Sex and Sex Education in TV shows
Part 1: Cucumber, Banana & Tofu
For many of us, learning about sex happens predominantly through the films and TV that we watch, especially in those formative teenage years when we’re anxiously straddling childhood and adulthood. But for so long, there wasn’t nearly enough representation in the media of positive attitudes towards sex. We hadn’t had the collective sexual awakening that we so desperately needed. Things like anal sex toys and bondage gear were still taboo topics of conversation let alone appropriate material for onscreen, even in the 90s and early 00s. Thankfully shows like HBO’s seminal series Sex and the City slowly started paving the way for more frank onscreen discussions of sex and relationships.
Particularly in the last two decades, western society has been pushing for a more liberal (and at times more radical) approach to sex in film and TV. We are seeing more and more shows take up the mantle by portraying modern stories with progressive attitudes and environments; stories that celebrate sex in all its visceral glory and provides informative sex education. Here at Flirt, we’ll be doing a series on sex and sex education in TV shows for your reading pleasure. Part one features Russell T Davies’ hit trilogy Cucumber, Banana & Tofu.
Following the success of his critically acclaimed 1999 series Queer as Folk, 2015 saw the much-anticipated release of three shows from Davies on Channel 4 and its sister platforms, E4 and 4oD. The trilogy focused on attitudes towards sex in the LGBTQ+ community. Cucumber (C4), Banana (E4) and Tofu (web series on 4oD) take a look at the lives and social dynamics of gay men and women living in Manchester in the 21st century, with some overlap in characters between the first two shows.
The title of the trilogy is a reference to the entertaining metaphor apparently employed by sexologists for varying strengths of an erection – from the flaccid Tofu, to the semi Banana, to the fully erect Cucumber. The titles alone are intriguing enough to pull viewers in, so if you haven’t heard of these shows, we highly recommend checking them out.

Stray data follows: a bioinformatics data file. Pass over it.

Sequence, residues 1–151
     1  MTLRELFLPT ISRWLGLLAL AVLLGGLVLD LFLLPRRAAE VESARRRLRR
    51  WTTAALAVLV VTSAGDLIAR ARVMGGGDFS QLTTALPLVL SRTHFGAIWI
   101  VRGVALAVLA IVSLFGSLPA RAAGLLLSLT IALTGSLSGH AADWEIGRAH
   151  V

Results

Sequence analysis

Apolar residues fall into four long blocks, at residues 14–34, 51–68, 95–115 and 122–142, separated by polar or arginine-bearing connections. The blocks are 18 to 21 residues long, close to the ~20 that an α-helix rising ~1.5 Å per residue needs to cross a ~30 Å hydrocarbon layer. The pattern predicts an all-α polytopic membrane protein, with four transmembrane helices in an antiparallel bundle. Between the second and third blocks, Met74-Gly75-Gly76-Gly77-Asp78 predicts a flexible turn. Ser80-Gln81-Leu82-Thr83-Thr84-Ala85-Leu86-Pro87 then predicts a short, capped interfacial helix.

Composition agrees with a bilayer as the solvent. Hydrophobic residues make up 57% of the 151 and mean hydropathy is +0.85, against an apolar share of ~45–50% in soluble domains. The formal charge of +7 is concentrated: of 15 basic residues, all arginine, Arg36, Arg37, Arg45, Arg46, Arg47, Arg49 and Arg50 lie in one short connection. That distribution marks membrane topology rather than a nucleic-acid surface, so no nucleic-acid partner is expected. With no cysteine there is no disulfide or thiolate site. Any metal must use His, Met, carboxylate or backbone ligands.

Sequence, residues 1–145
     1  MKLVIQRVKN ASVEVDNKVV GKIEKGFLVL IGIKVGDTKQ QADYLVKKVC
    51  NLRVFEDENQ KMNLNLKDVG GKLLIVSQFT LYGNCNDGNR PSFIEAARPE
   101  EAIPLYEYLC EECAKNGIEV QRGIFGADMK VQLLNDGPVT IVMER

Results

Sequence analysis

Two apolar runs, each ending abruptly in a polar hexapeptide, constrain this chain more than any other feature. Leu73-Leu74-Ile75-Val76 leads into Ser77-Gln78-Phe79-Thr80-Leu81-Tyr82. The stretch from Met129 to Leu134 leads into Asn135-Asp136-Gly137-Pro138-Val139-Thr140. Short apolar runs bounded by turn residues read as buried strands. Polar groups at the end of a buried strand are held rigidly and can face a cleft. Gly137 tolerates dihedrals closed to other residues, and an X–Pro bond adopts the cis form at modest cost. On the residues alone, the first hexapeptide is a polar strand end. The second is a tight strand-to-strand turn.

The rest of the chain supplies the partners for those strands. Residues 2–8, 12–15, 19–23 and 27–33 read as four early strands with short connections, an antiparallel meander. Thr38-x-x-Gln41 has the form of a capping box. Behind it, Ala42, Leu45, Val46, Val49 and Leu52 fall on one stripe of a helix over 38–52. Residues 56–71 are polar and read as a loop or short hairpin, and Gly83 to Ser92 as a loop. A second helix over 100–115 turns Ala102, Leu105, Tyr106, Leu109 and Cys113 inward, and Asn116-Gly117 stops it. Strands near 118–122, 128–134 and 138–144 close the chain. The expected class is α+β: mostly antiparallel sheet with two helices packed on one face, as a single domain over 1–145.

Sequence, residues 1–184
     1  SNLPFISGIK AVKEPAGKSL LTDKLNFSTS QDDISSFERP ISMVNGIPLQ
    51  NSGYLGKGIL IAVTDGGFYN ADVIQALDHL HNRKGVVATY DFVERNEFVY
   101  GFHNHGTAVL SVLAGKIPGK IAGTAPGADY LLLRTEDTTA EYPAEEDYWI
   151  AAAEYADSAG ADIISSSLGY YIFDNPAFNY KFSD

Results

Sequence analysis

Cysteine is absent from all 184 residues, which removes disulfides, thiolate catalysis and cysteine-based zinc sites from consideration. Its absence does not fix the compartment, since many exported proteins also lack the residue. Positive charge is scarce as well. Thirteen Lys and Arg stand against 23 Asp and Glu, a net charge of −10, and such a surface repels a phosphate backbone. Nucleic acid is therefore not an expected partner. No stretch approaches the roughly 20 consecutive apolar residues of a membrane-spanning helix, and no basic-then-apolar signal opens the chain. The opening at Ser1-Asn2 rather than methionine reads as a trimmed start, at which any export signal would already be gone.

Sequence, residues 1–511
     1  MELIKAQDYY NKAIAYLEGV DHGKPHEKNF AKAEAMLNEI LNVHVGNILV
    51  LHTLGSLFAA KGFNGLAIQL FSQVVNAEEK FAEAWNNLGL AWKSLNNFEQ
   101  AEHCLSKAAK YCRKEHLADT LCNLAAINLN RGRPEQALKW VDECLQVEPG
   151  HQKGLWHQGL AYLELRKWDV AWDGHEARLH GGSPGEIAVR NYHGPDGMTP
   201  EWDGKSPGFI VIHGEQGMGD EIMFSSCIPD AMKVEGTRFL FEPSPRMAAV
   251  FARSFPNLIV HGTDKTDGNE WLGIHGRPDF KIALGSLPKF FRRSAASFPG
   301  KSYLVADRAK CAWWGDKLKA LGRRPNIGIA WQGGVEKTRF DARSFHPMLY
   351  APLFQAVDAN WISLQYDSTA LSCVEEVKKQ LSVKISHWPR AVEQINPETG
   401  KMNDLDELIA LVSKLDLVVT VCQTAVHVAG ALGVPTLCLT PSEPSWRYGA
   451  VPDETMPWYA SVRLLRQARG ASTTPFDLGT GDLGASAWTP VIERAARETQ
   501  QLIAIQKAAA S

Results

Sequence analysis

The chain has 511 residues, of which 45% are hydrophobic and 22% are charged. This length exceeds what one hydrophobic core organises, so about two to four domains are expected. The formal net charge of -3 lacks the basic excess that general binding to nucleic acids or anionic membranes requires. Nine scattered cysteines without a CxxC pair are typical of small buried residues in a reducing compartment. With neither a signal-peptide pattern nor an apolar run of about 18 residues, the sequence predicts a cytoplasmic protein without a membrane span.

Cucumber follows Henry Best (Vincent Franklin) on a journey of sexual rediscovery after the breakdown of a long-term relationship. The series focuses predominantly on life for older gay community in Manchester’s LGBT scene. Following the split, Henry moves into a chaotic house-share with a group of younger men, an experience which offers a stark contrast between his generation and the younger generation and what it means to be a gay man in the mid 2010s.
Banana takes a playful and humorous look at modern relationships and LGBT life, following eight different couples as they embark on contrasting journeys of heartbreak, drama, love and friendship. The show is refreshingly frank in the way its characters discuss and participate in sex, with sharp, witty dialogue framing the eight stories in the anthology, all of which come together in an earnest celebration of love without labels.
Presenter Ben Cook explores modern sex lives in the documentary series Tofu, which differs in format to the other two shows but continues to focus on a range of attitudes towards sex. Using interviews with the cast from Cucumber and Banana as well as members of the public, viewers get a chance to hear people dish the dirt on all things hot and steamy in this exclusive online series.All three shows in the trilogy do an incredible job of enlightening viewers through thoughtful questions and breaking taboos around sex, depicting the lives of the LGBTQ+ in today’s modern world with energy and passion.